Chris Mumford is the PR Content Manager for Western Governors University (WGU).
Stay up to date on all the latest from Hey Teach: Get periodic emails that include exclusive content, special guides, and other great resources you won’t find anywhere else!×
At first glance, interactive screens/white boards don't appear to be much more than huge flat screen TVs with touch functionality. Cool, but perhaps not much more than a flashy gimmick.
However, on deeper inspection, most models come bundled with proprietary software tools that, under the right circumstances, open the door to some truly unique approaches to lesson delivery, quiz taking, and collaborative projects, among other things. And many of the teachers fortunate enough to have one in their classroom laud their ability to rejuvenate lessons and revolutionize the way children learn.
So, is an interactive board right for your classroom? Before you can answer that, you'll need to answer some other vital questions first.
Interactive TVs and whiteboards are, as you might have guessed, essentially interactive screens that let you easily navigate and manipulate your lessons as you present them. They come in two general varities: large flatscreen TVs and whiteboards with an attached projector that (according to the manufacturers) can serve double duty as a more traditional whiteboard that works with dry erase markers when the projector isn't on. Both types generally offer touch functionality — some can support up to 16 simultaneous touch inputs to allow for maximum collaboration — and respond to both finger touch and special multi-functional styli that come with higher-end models.
The two major players in the market, SMART Technologies and Promethean, bundle proprietary software with their interactive whiteboards and TVs that enable teachers to create presentations, quizzes, polls, and interactive problems, projects, and other activities. On top of that, both companies provide extensive databases of lesson materials, including animated graphics, images, and other free assets that can be added to your own lesson plans. Promethean's ClassFlow Marketplace even offers full lessons that can be purchased individually.
Because these are web-based applications, you can build lesson plans on your home computer before you get to class, making it easy to take these materials for a spin before you debut them for your students. More importantly, this also means that students can access and interact with lesson materials using virtually any web-enabled computer or smart device.
If you want a more detailed overview, this video is a bit dated (not to mention lengthy) but gives a good gist of what these boards look like in action, while also spelling out some of the differences between SMART's and Promethean's basic offerings.
Interactive screens and boards range in price, but the newest models tend to cost around $4K. This, however, does not account for ongoing software license fees that some brands (like SMART Technologies) charge for their flagship software, though these fees can be as low as about $49 per year. The whiteboard/projector models use bulbs that burn out over time and need to be replaced, which can cost anywhere from $100 to $250.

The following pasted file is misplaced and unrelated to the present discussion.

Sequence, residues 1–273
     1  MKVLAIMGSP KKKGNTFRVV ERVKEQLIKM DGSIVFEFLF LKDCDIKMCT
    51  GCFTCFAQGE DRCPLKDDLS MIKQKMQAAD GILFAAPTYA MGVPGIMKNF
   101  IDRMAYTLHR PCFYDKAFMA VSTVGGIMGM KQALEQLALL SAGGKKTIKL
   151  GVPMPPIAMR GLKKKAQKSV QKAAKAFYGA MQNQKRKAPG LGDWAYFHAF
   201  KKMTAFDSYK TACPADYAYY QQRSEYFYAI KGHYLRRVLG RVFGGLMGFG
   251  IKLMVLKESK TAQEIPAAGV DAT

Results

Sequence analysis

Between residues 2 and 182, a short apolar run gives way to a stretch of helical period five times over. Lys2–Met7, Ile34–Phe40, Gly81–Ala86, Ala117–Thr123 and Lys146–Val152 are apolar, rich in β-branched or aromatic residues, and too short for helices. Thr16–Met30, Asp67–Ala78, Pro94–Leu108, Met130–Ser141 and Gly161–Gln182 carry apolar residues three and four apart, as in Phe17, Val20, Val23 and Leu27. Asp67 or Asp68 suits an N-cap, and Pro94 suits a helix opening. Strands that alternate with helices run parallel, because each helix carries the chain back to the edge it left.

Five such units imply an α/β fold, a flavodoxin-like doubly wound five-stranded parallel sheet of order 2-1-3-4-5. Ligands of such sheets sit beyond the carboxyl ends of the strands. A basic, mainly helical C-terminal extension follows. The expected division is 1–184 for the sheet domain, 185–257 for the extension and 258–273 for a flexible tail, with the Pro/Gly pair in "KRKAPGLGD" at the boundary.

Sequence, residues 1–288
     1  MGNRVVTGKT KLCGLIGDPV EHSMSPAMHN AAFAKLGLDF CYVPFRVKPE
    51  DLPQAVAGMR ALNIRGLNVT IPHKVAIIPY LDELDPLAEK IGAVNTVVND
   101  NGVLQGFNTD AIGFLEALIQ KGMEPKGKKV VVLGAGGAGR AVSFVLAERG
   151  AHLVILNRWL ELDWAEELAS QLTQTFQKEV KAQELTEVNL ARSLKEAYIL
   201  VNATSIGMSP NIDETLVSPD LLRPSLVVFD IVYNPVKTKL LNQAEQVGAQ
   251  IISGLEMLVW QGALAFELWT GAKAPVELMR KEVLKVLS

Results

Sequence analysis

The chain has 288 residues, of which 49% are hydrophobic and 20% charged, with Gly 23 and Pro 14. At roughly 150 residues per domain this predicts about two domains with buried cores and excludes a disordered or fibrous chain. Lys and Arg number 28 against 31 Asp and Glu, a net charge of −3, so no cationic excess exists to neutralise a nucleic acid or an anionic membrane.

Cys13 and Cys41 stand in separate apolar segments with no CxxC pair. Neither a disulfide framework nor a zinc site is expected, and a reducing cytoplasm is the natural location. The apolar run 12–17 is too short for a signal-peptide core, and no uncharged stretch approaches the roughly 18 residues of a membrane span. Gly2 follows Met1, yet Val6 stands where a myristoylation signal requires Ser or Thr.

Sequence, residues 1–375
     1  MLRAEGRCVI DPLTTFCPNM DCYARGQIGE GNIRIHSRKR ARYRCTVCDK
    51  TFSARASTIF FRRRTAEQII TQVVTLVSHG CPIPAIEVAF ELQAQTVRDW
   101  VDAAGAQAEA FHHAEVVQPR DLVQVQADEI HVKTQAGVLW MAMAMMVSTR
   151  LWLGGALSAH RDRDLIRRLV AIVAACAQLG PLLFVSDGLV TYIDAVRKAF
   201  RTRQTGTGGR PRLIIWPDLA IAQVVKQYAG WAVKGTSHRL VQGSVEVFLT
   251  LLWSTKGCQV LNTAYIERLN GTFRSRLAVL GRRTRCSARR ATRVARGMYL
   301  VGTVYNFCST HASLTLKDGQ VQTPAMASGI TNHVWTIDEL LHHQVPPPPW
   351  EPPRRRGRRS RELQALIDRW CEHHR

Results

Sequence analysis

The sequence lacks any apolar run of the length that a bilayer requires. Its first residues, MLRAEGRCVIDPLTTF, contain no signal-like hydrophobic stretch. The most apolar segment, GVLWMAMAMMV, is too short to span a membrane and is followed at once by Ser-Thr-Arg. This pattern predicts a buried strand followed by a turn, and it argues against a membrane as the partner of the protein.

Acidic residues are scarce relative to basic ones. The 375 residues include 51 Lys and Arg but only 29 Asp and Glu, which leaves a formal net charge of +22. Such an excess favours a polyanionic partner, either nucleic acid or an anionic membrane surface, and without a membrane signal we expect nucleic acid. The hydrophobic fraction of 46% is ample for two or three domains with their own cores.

But by far the biggest cost associated with these boards involves equipping every student with the technology they will need to get the most out of them. Many of the coolest features associated with interactive boards involve the ability to "broadcast" lesson materials to students' devices, enabling them to interact in real time. This means teachers can incorporate student input directly into their lessons in real time as they teach, as well as display the results of quizzes, polls, and group problems.
While there are still plenty of ways to use these boards that do not require every student to have their own computer or smart device in a one-to-one environment, most of the coolest interactive features do. So, if you're not teaching in a one-to-one environment, it would be wise to evaluate these boards solely on their merits as presentation tools.
Interactive boards are great for teachers who spend most of their time at the front of the class presenting their lessons, but they can also be a good fit for those who emphasize hands-on activities and small group collaboration — provided that they're teaching in a one-to-one environment.
They're also best suited for teachers who love their gadgets and who are relatively tech savvy. The software that these boards use isn't especially difficult to navigate, but in a recent demonstration by Promethean that I attended, the presenter ran into a number of glitches that hampered her presentation. If you choose to put one of these in your classroom, you will likely have to put up with the occasional buggy feature (though you won't have to deal with software updates, since the programs are web-based).
In general, all but the most old fashioned types will likely find something useful or attractive about these boards. At the end of the day, they're mostly just making it easier to do the things you're already doing.
This is where the cost/benefit analysis gets a little sticky. Since the software that these interactive boards come with can be used on any web-enabled device, there's really nothing to stop you from simply connecting your computer to a big screen TV and using a handheld, wireless mouse to navigate it.
This is no secret, of course, since both Promethean and SMART Technologies — and dozens of other software publishers you may be familiar with — have made tools like these compatible with virtually any type of hardware. Ultimately (in this reviewer's opinion) the biggest benefit of interactive TV/whiteboard hardware is the way that it lets you interact with the lesson on the screen, which is no small concern for many teachers.